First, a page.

4 F.3d 410 (5th Cir. 1993), 93-1267, Walker v. Navarro County Jail

Docket Nº:93-1267.
Citation:4 F.3d 410
Party Name:Earnest Ray WALKER, Plaintiff-Appellant, v. NAVARRO COUNTY JAIL, ET AL., Defendants-Appellees.
Case Date:October 19, 1993
Court:United States Courts of Appeals, Court of Appeals for the Fifth Circuit

Page 410

4 F.3d 410 (5th Cir. 1993)

Earnest Ray WALKER, Plaintiff-Appellant,


NAVARRO COUNTY JAIL, ET AL., Defendants-Appellees.

No. 93-1267.

United States Court of Appeals, Fifth Circuit

October 19, 1993

Rehearing Denied Nov. 19, 1993.

Page 411

Earnest Ray Walker, pro se.

Appeal from the United States District Court for the Northern District of Texas.

Before KING and BARKSDALE, Circuit Judges, and PARKER 1, District Judge.


Appellant, Earnest Ray Walker brought suit against Appellees, the Navarro County Jail and Sheriff Hodge, pursuant to 42 U.S.C. Sec. 1983, alleging that the Appellees acting under color of law, violated his Constitutional rights. Appellant filed the suit pro se and in forma pauperis. The district court dismissed the case as frivolous, and Walker appealed.

At the time he filed this civil rights action, Walker was a pretrial detainee at Navarro County Jail at Corsicana Texas. At mealtime on May 23, 1991, Walker asked Officer Scott to open his cell door to allow him to retrieve some chips to eat. The officer refused and Walker allegedly replied, "Forget it." The officer thought Walker had used an obscenity, and placed him in solitary confinement. The following day, Walker attended a disciplinary hearing which resulted in Walker being assessed a punishment of five days in solitary confinement.

In his Sec. 1983 complaint, he alleged that the defendants, Sheriff Hodge and the Navarro County Jail, deprived him of his rights under the Due Process Clause by placing him in solitary confinement prior to a hearing and by denying him an opportunity to call witnesses at his disciplinary hearing. Walker also complains that he was confined for six days instead of five, his personal mail was returned to the sender during his period in solitary, and his sister was turned away when she came to visit him. He sought damages in the amount of $50,000.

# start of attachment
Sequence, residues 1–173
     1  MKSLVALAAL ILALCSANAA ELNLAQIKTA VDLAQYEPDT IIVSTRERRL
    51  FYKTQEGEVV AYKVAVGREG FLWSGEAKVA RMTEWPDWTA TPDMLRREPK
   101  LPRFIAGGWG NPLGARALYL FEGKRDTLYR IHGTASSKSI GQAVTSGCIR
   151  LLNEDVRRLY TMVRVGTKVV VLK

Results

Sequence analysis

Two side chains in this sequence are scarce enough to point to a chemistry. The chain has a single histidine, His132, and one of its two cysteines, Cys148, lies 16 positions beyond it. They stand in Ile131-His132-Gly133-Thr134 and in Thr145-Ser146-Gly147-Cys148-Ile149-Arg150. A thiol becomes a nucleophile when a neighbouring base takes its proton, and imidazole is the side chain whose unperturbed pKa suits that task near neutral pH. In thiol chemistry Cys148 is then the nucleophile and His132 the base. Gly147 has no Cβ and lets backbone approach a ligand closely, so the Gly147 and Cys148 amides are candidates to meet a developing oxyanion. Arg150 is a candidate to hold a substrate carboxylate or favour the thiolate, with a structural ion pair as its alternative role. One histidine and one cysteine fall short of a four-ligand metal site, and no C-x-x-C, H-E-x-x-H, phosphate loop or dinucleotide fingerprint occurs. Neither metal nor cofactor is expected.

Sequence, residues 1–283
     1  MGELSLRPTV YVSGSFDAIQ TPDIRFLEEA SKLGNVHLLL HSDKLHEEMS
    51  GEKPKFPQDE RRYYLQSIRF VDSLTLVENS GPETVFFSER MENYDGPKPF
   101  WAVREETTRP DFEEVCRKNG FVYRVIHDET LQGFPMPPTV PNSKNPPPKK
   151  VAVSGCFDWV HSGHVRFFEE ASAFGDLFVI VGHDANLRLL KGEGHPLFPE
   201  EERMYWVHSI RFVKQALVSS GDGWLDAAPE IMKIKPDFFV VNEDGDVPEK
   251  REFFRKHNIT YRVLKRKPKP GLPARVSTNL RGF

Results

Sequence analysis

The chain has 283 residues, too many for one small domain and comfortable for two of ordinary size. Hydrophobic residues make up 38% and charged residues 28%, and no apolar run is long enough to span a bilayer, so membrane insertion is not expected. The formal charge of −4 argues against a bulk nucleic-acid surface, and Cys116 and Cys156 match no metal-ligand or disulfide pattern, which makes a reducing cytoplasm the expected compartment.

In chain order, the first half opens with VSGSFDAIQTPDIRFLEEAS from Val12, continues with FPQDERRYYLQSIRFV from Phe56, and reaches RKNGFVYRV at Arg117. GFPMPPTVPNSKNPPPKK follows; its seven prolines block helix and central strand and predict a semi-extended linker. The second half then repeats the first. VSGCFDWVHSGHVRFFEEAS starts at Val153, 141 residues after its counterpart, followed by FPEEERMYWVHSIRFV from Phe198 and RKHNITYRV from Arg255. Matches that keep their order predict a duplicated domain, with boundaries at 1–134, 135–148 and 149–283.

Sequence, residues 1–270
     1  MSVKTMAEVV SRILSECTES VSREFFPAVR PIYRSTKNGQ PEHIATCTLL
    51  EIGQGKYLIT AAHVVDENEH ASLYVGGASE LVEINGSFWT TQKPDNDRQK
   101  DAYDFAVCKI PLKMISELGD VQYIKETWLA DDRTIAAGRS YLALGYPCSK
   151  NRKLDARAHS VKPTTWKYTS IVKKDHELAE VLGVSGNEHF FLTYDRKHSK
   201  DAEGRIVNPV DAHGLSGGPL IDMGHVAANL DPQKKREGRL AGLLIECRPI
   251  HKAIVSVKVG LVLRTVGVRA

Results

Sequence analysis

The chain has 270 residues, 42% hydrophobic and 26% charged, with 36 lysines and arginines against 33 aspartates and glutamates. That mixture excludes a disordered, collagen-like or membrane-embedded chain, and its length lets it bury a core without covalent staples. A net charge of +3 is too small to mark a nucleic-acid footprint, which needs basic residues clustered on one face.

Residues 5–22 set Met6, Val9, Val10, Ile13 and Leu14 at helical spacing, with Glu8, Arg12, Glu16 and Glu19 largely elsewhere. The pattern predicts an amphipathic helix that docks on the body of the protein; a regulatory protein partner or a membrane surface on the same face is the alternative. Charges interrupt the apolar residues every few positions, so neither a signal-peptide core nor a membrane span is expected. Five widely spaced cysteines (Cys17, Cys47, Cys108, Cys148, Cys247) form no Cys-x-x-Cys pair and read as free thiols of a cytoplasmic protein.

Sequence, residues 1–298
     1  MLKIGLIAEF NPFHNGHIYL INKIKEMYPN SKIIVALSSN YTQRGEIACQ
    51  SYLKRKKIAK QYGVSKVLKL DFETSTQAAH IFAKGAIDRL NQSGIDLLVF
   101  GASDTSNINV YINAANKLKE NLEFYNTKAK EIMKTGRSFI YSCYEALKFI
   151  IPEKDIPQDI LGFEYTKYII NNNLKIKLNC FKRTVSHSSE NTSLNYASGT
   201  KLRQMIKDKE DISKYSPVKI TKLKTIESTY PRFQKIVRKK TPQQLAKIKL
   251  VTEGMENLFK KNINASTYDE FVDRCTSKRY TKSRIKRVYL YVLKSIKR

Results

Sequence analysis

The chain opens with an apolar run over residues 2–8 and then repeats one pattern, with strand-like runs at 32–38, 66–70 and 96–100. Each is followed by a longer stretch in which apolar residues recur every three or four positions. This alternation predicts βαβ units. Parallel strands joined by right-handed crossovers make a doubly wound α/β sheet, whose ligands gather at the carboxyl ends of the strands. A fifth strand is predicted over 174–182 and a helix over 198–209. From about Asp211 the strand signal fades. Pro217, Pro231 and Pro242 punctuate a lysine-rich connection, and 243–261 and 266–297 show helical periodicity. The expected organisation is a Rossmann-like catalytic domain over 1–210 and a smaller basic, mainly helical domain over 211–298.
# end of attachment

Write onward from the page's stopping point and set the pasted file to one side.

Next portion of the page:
Page 412

The magistrate judge conducted a hearing pursuant to Spears v. McCotter, 766 F.2d 179 (5th Cir.1985) and recommended that the district court deny relief. The district court dismissed the action as frivolous.

Due Process claim

Pursuant to 28 U.S.C. Sec. 1915(d), a district court may dismiss an in forma pauperis proceeding "if satisfied that the action is frivolous or malicious." A finding of frivolousness is appropriate whenever it appears that the claim has no arguable basis in law or fact. Ancar v. Sara Plasma, Inc., 964 F.2d 465, 468 (5th Cir.1992).

Walker contends that his Due Process rights were violated because he was not given a full disciplinary hearing and he was not allowed to call witnesses. He also contends that he was held in solitary for six days, rather than the five days imposed at the hearing.

The Supreme Court has set out two standards in this area [of disciplinary procedures], depending on the sanction imposed upon the prisoner and consequences flowing from it. A prisoner punished by solitary confinement and loss of good-time credits must receive: (1) written notice of the charges against him at least twenty-four hours before the hearing, (2) a written statement of the factfinders as to the evidence relied on and the reasons for the disciplinary action taken, and (3) the opportunity to call witnesses and present documentary evidence in his defense, unless these procedures would create a security risk in the particular case. Wolff, 2 418 U.S. at 563-66, 94 S.Ct. at 2978-80. On the other hand, a mere few days administrative segregation, having no effect on parole, only merits an informal nonadversary evidentiary review as long as the prisoner receives notice and has an opportunity to present a statement. Hewitt, 3 459 U.S. at 476-77, 103 S.Ct. at 874.

Jackson v. Cain, 864 F.2d 1235, 1252 (5th Cir.1989) (internal quotations omitted).

The officer placed Walker in solitary confinement following the incident, and Walker received an informal hearing the next day. Walker and Officer Scott were given opportunities to testify as to their respective versions of the facts. Walker was returned to solitary confinement for five days as discipline for his conduct, but there is no allegation that there was any effect on his parole. The magistrate judge...

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